References:

  1. Mora Santos, M., Hervas-Aguilar, A., Sewart, K., Lancaster, T.C., Hauf, S., Meadows, J.C. and Millar, JB (2016) Bub3-Bub1 binding to Spc7 (KNL1) toggles the spindle checkpoint switch by licensing interaction of Bub1 with Mad1-Mad2. Current Biology (in press)
  2. Silió V, McAinsh AD, Millar JB. (2015) KNL1-Bubs and RZZ Provide Two Separable Pathways for Checkpoint Activation at Human Kinetochores. Developmental Cell 35, 600-613
  3. Shepperd, L.A., Meadows, J.C., Sochaj, A.M., Lancaster, T.C., Rappsilber, J., Buttrick, G., Hardwick, K.G. and Millar, J.B.A. (2012) Phospho-dependent recruitment of Bub1 and Bub3 to Spc7 (KNL1) by Mph1 kinase maintains the spindle checkpoint. Current Biology 22, 891-899.
  4. Buttrick, G.J., Meadows, J.C., Lancaster, T.C., Vanoosthuyse, V., Shepperd, L.A., Hoe, K-L., Kim, D-U., Park, H-O., Hardwick, K.G. and Millar, J.B.A. (2011) Nsk1 ensures accurate chromosome segregation by promoting association of kinetochores to spindle poles during anaphase B. Mol Biol Cell. 22, 4486-4502
  5. Meadows, J.C., Shepperd, L.A., Vanoosthuyse, V., Lancaster, T.C., Sochaj, A.M., Buttrick, G.J., Hardwick, K.G. and Millar, J.B. (2011) Spindle checkpoint silencing requires association of PP1 to both Spc7 and kinesin-8 motors. Developmental Cell 20, 739-750.
  6. Cundell MJ, Hutter LH, Nunes Bastos R, Poser E, Holder J, Mohammed S, Novak B, Barr FA. (2016) A PP2A-B55 recognition signal controls substrate dephosphorylation kinetics during mitotic exit. J Cell Biol. 29;214(5):539-54.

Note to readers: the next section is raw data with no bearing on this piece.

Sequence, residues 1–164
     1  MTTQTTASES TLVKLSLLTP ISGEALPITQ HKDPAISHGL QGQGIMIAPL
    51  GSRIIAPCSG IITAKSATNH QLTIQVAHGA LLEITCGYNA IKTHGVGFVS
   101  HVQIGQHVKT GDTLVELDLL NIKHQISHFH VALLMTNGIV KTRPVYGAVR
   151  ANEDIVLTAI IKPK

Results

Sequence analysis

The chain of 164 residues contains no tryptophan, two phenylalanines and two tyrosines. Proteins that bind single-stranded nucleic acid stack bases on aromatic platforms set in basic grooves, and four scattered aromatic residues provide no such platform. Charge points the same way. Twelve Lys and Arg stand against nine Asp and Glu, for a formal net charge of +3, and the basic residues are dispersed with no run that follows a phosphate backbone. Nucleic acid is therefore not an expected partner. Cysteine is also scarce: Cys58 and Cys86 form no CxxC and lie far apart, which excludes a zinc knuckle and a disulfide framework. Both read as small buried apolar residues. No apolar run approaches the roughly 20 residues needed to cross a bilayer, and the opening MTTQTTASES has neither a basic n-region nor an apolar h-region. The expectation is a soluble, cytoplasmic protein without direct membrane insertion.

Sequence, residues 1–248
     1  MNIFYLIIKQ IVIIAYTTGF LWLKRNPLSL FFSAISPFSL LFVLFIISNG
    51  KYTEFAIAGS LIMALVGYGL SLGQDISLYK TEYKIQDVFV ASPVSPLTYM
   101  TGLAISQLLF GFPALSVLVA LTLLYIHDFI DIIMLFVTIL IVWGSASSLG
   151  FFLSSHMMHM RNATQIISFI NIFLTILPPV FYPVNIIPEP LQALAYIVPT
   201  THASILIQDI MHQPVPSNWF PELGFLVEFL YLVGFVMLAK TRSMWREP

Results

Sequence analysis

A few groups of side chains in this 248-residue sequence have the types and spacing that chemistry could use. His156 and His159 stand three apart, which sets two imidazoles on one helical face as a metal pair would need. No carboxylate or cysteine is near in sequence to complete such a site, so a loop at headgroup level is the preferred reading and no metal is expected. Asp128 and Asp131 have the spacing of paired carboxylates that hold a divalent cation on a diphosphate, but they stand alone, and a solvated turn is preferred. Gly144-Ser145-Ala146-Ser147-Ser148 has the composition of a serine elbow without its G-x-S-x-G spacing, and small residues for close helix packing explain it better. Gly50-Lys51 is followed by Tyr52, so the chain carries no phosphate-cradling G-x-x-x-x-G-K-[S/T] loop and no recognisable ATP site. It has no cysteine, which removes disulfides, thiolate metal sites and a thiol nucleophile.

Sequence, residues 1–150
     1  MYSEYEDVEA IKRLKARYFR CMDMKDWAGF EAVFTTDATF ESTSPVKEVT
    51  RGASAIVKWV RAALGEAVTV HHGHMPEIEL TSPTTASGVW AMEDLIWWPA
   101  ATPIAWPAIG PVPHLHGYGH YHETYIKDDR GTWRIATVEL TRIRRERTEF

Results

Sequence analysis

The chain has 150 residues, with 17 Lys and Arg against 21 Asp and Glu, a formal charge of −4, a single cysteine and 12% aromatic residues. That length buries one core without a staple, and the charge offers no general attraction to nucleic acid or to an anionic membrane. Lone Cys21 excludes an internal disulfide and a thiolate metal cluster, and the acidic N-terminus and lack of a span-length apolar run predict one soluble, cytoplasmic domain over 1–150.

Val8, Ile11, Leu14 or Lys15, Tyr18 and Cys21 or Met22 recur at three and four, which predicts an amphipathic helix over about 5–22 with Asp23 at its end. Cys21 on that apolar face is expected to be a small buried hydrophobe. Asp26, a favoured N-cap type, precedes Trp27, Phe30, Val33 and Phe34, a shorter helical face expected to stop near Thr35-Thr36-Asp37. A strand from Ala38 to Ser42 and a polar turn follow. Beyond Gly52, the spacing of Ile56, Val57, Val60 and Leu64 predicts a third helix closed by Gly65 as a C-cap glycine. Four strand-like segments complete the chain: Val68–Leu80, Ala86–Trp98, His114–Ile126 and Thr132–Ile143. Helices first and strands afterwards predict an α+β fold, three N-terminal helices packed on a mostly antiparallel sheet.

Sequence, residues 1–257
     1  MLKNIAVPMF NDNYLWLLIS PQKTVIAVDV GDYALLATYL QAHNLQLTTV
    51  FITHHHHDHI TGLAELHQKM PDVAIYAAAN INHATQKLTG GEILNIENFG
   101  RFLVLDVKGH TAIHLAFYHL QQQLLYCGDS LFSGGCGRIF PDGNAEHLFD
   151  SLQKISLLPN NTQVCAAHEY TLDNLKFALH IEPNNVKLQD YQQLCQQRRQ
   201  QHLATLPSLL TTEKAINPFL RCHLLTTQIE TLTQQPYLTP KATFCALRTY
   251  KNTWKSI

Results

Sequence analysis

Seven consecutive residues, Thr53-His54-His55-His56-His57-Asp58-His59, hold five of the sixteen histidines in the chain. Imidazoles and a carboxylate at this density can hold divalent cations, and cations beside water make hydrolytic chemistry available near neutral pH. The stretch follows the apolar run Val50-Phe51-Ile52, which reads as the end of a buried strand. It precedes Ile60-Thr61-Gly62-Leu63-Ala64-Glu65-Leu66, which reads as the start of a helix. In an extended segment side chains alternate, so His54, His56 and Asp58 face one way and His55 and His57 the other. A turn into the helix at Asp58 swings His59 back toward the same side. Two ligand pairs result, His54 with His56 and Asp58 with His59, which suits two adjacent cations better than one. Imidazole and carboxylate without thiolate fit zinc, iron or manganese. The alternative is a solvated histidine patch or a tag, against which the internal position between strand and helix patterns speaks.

7. Chica N, Rozalén AE, Pérez-Hidalgo L, Rubio A, Novak B, Moreno S. (2016) Nutritional Control of Cell Size by the Greatwall-Endosulfine-PP2A·B55 Pathway. Curr Biol. 8;26(3):319-30.
  8. Mirkovic M, Hutter LH, Novák B, Oliveira RA. (2015) Premature Sister Chromatid Separation Is Poorly Detected by the Spindle Assembly Checkpoint as a Result of System-Level Feedback. Cell Rep. 20;13(3):470-8.
  9. Kalantzaki M, Kitamura E, Zhang T, Mino A, Novák B, Tanaka TU. (2015) Kinetochore-microtubule error correction is driven by differentially regulated interaction modes. Nat Cell Biol. 17(4):421-33. Gérard C, Tyson JJ, Coudreuse D, Novák B. (2015) Cell cycle control by a minimal Cdk network. PLoS Comput Biol. 11(2):e1004056.

BBSRC Strategic Research Priority: Molecules, cells and systems

Techniques that will be undertaken during the project:

Molecular genetics and genome engineering Molecular biology and genome sequencing Biochemistry (for western blotting and immunoprecipitation) Stable Isotope labelling with amino-acids in cell culture (SILAC) Phosphopeptide enrichment and liquid coupled-mass spectrometry (LC-MS/MS) Bioinformatics of phosphopeptide datasets using novel algorithms. Nonlinear differential-equations for temporal dynamics of the regulatory networks Stochastic Simulation Algorithm (SSA) when number of molecules are low.

Contact: Professor Jonathan Millar, University of Warwick